Unlike everything in the software stack, hardware is a black box – the front door interface is the only thing that a user can observe. In some ways, this is a good thing. In software, testing can often present a challenge due to our knowledge of the implementation. In our quest for micro tests, we can sometimes lose sight of the “big picture” functionality.

In other ways, hardware being a black box can be a bad thing. We can’t fix every bug that we identify. We sometimes have to rely on vendors to patch things while we work around the observed behavior in software.

We still apply the Qumulo test ethic to hardware, but it often ends up looking different. Across our two data center labs, we host multiple nodes of every SKU we’ve ever sold. This includes small variations within a single SKU, such as two versions of a NIC, or two different SSDs. We run automated testing continuously against all of this hardware. Failures arising from this testing become sustaining work for the hardware team:

  • “What happened to X version of Y NIC such that it’s now hitting twice as many TCP retransmits as it was last week?”
  • “Why is VGA output black on node Z?”
  • ”What does this Linux kernel traceback in these syslogs mean?”

These are the kinds of sustaining challenges software engineers like myself tackle in the hardware space.

Outside of this work, the hardware team spends most of our time dreaming up and building new platforms, the best of which end up in our customers’ hands. Since Qumulo’s software runs on a variety of hardware, we are free to pick and choose components without worrying about whether or not they will work. If the hardware exists, Linux already supports it.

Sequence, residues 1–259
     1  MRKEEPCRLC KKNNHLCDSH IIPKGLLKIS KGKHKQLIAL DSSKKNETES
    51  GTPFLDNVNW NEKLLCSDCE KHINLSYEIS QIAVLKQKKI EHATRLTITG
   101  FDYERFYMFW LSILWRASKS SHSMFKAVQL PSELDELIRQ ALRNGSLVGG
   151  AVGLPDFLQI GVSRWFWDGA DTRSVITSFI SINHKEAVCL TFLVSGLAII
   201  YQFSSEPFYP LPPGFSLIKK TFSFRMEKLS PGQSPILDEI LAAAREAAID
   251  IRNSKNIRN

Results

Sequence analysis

Qumulo was first to launch an all-flash product with NVMe drives. To facilitate this, we had to do a little bit of lab work to retrofit our qualification machines to power fault test drives connected via NVMe. That done, we followed up by running a few enterprise-class NVMe drives through our battery of tests. After a few days of this, we knew with confidence that NVMe would work fine. We then worked with multiple vendors to configure a server to meet the performance and price per terabyte that our customers had been asking for. After a few months of software work to optimize our backend for SSD-only nodes, we took it to NAB where we were the only vendor on the floor demoing live, uncompressed 4K streaming.

In addition to our NVMe flash offering, last year we also brought our distributed file system to the Dell EMC PowerEdge family. Once we had the hardware online, we were able to adapt our software to support it in less than three weeks. After that, we gave the cluster to our certification team, where, as with all new platforms, it ran for a full four weeks to ensure high stability and quality for launch. During this time, we worked with our documentation team and customer success teams to ensure everything was well-documented for deployment and support, as well as to give the team some hands-on time with the hardware before asking them to support customers.

Conclusions

Qumulo’s architecture relies on hardware only so long as the hardware can provide a specific set of guarantees. These guarantees are what keep our customers’ data safe. We lean on Linux to provide us fast and reliable access to any hardware we want. Aside from vendor integration and sustaining work, we spend our time on the hardware team bringing up whatever we see fit to delight our customers, and handing it off to be certified and sold.

Share with your network